The two northern cities are the only Portuguese to appear on the “A list” created by the CDP, an international organisation funded by the European Union and which assesses the environmental action of companies, cities, states and regions.
Last year, these two cities were also distinguished, as well as Águeda, in Aveiro, which is not mentioned this year, while in 2019 the "class A" Portuguese cities were Lisbon, Sintra and Guimarães.
According to a statement sent by CDP, the 95 selected cities “received the maximum score for their transparency and ambitious action to mitigate or adapt to climate change”.
“To secure an A-score, a city must publicly disclose its environmental data and have a city-wide emissions inventory, have an ambitious emission reduction target and future target for renewable energy, and have published a plan for climate action”, clarifies the organisation.
To get a good rating, cities also need to have "a climate risk and vulnerability assessment and a climate adaptation plan to demonstrate how they will react to weather conditions."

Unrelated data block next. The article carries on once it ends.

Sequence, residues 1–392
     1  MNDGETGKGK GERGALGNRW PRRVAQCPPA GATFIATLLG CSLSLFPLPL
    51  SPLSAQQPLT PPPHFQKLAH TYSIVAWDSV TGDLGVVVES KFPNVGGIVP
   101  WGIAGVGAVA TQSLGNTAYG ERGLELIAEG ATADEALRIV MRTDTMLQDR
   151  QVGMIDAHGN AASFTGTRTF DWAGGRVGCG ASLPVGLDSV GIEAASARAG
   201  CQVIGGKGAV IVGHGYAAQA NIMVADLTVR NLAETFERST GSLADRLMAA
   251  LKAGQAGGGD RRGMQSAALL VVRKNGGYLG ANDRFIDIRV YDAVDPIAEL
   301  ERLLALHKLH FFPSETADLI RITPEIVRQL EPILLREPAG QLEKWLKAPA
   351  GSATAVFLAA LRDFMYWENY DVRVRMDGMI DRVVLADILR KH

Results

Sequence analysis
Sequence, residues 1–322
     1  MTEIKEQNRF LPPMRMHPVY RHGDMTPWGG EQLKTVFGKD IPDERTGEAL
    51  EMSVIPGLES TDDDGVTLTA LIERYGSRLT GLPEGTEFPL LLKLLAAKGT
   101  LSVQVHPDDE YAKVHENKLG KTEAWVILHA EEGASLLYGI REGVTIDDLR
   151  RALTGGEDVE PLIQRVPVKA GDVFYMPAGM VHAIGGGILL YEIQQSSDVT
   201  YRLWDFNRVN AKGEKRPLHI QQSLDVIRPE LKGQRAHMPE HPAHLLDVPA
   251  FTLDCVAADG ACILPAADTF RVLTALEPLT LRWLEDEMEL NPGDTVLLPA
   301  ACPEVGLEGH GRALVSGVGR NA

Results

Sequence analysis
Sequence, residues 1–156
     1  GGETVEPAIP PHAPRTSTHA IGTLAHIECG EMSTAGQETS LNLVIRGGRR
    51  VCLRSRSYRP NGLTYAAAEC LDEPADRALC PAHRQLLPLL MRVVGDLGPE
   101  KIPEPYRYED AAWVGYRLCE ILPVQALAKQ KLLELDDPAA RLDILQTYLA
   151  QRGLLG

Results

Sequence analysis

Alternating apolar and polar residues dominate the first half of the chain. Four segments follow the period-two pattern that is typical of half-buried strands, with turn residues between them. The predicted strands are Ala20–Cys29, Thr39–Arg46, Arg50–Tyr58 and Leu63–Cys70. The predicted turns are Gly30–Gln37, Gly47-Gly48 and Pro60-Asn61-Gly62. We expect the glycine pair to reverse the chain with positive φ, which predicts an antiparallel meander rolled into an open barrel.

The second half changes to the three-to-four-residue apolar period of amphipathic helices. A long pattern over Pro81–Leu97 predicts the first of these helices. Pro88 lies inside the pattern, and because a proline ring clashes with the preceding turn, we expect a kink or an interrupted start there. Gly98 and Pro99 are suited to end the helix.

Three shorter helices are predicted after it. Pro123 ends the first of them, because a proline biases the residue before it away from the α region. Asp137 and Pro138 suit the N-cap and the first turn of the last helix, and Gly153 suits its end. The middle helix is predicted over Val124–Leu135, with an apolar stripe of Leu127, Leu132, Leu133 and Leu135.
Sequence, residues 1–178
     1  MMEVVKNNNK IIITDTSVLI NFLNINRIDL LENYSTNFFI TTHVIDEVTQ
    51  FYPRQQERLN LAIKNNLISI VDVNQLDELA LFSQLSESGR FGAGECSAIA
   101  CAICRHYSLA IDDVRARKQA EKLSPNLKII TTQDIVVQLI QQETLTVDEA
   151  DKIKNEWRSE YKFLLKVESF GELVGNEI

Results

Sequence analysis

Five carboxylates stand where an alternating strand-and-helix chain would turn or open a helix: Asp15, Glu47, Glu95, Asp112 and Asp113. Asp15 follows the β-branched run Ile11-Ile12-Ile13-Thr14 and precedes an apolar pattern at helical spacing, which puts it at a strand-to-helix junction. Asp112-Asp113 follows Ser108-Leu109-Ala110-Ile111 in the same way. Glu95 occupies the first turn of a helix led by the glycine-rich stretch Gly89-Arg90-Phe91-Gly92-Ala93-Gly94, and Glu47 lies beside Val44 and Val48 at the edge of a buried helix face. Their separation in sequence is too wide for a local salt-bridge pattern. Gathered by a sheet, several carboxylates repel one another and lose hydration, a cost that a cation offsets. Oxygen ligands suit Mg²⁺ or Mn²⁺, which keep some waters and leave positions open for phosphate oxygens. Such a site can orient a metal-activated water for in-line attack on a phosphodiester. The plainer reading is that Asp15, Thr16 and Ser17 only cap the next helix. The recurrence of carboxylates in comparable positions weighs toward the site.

The A list includes another 26 European cities, including Athens, Berlin, Copenhagen, Paris, Stockholm and Zurich.
The CDP highlights the absence of mainland China, India and Russia from the list, "the three largest emitters, with the exception of the United States of America".
According to this organisation, the sum of the population of these 95 cities is 108 million, "a tiny fraction (2.6 percent) of the 4.2 billion people who live in cities", which "highlights the urgent need for more cities to raise their climate ambition for those who live and work in them”.
This year, 956 cities were assessed, “a substantial increase from the 591 cities assessed in 2020”, which is the result of an effort to increase transparency.
“For the first time, more than a thousand cities are disclosing their environmental impact data” through the CDP system.
Those on the “A-list” take “twice as much climate measures as other cities, and also identify more than twice as many climate-related opportunities as developing sustainable transport or clean technology sectors”.
The list is now in its fourth year of existence, and in this edition, the criteria have been tightened, “to reflect the level of ambition necessary to reach the goals” to limit global warming to 1.5º Celsius.